Antique naturalism exhibit at KAM closing soon
Krannert Art Museum’s ‘Coveting Nature’ exhibit enters its final month on display this December.
The exhibit, on display since August, features over a dozen prints and illustrations from antique botany and scientific works from the 16th to 19th centuries. The exhibit is meant to highlight the emerging world of art and illustration that accompanied the then rapidly expanding field of what would become modern naturalism.
The event’s final date of display is Dec. 22.
Works of art on display include pieces ranging from purely artistic still-life paintings to depictions of plant and animal life meant for scientific reference. The many life-like illustrations are mostly printed in massive tomes. Most of those on display are still in impressive condition, considering their great age.
According to the museum’s website “in these centuries, the refinement of printed images revolutionized the observational sciences. Increasingly sophisticated woodcuts and engravings superseded hand-drawn images, cruder prints, and strictly verbal descriptions, while also appealing to artists and art lovers. These images could be augmented with hand coloring and were made by professional printmakers as well as by author-illustrators who engraved the plates for their own publications.”
One of the aged books on display is a 1665 copy of “Micrographia,” the first English publication to illustrate observations made under a microscope. The book on display in the exhibit lays open to an intricately illustrated closeup of a fly’s eye, or eyes to be precise, each one precisely drawn and detailed. The illustration fully takes up two pages of the large book.
Another item on display is the newly acquired 1690s still-life painting by Anna Ruysch, “Still Life of Flowers in a Glass Vase on a Stone Table Ledge.” The painting was only recently acquired by the Krannert Art Museum this year.
The Ruysch painting is just one of many paintings by female artists. According to the Krannert Art Museum’s website “Coveting Nature also explores the early and significant contributions of female artists and naturalists such as Maria Sibylla Merian (1647–1717) and Anna Ruysch (1666–1754) and their enduring legacy for contemporary artists.”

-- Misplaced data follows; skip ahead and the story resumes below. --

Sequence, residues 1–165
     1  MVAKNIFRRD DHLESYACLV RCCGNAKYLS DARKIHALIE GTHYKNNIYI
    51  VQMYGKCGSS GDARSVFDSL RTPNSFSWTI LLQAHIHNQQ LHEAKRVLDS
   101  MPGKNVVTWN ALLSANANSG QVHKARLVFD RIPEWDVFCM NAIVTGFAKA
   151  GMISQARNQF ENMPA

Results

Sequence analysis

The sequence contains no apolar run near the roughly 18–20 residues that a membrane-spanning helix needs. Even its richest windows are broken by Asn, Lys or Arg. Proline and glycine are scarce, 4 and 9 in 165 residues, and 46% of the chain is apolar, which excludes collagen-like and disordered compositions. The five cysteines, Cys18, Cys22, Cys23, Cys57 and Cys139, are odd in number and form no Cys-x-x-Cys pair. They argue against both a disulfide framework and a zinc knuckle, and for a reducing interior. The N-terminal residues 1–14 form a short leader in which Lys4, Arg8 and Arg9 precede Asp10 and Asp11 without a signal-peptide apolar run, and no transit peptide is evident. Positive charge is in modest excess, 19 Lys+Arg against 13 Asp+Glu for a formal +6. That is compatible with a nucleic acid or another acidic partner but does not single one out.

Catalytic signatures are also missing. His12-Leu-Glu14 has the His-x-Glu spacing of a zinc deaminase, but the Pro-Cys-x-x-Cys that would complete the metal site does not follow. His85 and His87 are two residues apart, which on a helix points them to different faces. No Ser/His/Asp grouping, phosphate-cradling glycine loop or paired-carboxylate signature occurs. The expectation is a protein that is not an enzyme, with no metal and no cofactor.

The British born Elizabeth Blackwell is another one of the female artists whose work is on display at the museum’s exhibit. Blackwell was the first woman to receive a medical degree in the United States, as well as the first woman on the UK Medical Register.
Books and pieces on display range from countries from Holland to France and include as many languages. Many of the books in the exhibit are written in Latin, the language of scholarly pursuits in many of the featured time periods. It isn’t until the later centuries featured in the exhibit that viewers will notice the text being written in the common language of the nation where the book was published.
The artistic subject field was important for more than just scientific reference. It also served as an artistic outlet for many. According to the website of the museum, “illustrated botanical and entomological publications served a variety of purposes for contemporaries—they advanced scientific study, inspired religious contemplation, and served as models for artists including still life painters and embroiderers.”
For those interested in examining the many prints and paintings before they are taken off display, the exhibit’s room is located directly adjacent to the museum’s European and North American art hallway.
For further info, patrons are encouraged to call the museum directly at 217-333-1861. The museum is open 9 a.m.–5 p.m. Monday through Saturday and is located at 500 E Peabody Drive in Champaign. The museum is open until 9 p.m. on Thursdays while classes remain in session and is closed on Sundays and holidays.